Social competences are defined as those personal resources/skills necessary to maintain positive relations with the others within different communities. These include personal, interpersonal skills and refer to all the forms of attitude which enable individuals to participate effectively and constructively to the social and working life. The base of this competence includes the ability to communicate constructively and positively in different social and working environment,  showing tolerance, expressing and understanding different points of view, negotiating with ability in order to create confidence, and feeling empathy with others;

Civic competences
Living abroad, the people know / are involved with the hosting country’s socio-political information, rules, regulations, concepts, structures. Civic competences can be summed up as the knowledge/optimisation of democracy, justice, equality, citizenship and civil rights concepts.

Living in an rapidly changing world, based on strong  Interaction links between people one person and another, these skills are necessary to build/develop/optimize to realise and develop a democratic / open mind, for a harmonious inclusion and a social cohesion between different individuals complementary to that is already possessed  – necessary for harmonious living and  social  acceptance between different types of people; to develop a sense of responsibility and respect for  diversity (ability to share and safeguard dignity and solidarity); to encourage people to participate actively and constructively  to the problems of enlarged community (ability to be informed/to inform, to know/to be involved effectively with others in /for public problems affecting local/large communities)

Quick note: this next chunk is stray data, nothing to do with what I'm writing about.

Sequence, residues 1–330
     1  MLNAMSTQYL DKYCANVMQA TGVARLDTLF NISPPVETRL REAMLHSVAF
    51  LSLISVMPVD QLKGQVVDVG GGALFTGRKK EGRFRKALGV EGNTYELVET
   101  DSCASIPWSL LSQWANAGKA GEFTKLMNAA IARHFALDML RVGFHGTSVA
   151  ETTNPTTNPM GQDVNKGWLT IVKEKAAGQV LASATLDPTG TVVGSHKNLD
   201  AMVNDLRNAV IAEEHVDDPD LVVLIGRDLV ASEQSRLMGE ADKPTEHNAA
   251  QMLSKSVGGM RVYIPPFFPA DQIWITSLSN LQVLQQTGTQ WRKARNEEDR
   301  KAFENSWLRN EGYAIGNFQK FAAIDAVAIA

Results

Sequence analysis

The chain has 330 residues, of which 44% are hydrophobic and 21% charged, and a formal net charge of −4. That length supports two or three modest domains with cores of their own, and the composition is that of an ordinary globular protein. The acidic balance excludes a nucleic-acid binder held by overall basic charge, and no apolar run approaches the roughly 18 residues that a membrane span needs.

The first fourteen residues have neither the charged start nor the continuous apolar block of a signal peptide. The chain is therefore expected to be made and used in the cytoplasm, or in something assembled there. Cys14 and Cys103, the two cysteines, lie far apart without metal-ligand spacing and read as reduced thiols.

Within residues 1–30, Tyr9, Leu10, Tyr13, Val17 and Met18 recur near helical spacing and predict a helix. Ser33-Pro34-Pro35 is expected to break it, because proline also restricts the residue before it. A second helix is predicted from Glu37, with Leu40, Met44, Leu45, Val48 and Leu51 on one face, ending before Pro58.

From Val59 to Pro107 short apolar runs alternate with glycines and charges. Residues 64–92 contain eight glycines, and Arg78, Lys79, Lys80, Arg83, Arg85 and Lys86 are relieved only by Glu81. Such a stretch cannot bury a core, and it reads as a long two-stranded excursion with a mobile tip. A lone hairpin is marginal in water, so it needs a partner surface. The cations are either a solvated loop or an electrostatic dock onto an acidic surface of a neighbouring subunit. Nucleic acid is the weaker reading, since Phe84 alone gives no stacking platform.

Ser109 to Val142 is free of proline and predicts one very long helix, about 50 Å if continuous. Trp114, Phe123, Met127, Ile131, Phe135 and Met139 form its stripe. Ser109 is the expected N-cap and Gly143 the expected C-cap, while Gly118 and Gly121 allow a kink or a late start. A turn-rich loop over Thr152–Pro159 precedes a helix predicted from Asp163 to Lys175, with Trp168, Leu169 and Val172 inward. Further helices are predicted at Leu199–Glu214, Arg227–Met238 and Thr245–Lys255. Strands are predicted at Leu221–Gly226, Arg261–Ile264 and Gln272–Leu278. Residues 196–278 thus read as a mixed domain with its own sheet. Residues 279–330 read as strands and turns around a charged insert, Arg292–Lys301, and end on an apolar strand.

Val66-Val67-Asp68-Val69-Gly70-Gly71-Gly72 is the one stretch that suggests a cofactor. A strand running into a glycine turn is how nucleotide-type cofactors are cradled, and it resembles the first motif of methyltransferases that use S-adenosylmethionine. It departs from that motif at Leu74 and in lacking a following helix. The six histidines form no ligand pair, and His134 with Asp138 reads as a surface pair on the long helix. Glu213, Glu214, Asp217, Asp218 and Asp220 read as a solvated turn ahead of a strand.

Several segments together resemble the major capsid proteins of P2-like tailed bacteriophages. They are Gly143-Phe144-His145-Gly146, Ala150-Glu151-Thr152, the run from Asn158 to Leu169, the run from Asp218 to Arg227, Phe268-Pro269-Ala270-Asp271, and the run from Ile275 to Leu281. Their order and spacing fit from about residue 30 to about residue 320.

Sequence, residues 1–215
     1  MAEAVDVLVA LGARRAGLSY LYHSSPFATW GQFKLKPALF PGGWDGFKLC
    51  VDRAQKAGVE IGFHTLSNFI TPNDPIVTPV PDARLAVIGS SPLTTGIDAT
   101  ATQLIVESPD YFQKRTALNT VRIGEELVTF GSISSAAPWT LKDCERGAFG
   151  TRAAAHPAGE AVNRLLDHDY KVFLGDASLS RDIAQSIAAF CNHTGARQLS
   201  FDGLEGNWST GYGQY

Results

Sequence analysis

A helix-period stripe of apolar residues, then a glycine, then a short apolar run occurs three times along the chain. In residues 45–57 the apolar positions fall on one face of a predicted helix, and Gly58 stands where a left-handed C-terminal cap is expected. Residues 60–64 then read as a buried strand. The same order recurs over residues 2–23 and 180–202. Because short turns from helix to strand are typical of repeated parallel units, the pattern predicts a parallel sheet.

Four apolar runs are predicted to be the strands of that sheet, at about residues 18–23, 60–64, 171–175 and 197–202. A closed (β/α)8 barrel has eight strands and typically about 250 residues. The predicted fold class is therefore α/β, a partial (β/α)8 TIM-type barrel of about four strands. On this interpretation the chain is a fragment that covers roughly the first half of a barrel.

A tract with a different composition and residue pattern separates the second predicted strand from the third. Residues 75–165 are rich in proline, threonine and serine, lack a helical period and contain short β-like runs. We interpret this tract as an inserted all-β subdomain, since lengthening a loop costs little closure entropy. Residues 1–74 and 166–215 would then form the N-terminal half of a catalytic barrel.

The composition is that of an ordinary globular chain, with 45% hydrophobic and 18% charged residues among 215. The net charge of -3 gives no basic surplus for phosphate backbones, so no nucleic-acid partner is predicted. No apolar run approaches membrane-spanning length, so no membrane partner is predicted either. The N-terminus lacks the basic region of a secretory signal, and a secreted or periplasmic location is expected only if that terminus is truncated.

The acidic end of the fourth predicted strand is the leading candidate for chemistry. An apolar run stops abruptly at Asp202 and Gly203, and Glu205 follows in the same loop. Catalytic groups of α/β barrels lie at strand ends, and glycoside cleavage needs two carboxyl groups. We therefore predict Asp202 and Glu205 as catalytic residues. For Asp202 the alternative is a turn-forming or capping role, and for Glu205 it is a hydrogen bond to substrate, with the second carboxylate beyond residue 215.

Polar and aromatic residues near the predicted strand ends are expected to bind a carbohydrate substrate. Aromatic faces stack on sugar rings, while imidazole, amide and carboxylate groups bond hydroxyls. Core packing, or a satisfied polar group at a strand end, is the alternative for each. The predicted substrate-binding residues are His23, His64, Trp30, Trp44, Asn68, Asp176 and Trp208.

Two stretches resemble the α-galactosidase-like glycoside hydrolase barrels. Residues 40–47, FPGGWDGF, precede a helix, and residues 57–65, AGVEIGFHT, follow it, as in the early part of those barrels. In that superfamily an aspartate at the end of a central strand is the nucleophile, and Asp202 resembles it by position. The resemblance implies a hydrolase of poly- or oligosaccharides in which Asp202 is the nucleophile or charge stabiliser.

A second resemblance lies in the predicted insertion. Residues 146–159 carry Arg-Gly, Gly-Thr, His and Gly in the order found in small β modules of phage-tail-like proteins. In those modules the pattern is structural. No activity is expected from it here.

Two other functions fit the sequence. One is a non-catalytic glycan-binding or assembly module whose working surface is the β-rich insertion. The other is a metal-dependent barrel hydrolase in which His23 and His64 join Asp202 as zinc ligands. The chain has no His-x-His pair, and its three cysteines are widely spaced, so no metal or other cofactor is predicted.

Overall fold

In conclusion, the programme develops an ever-increasing awareness in the young people to effectively equip themselves to enter the labour market which is becoming international and therefore more competitive.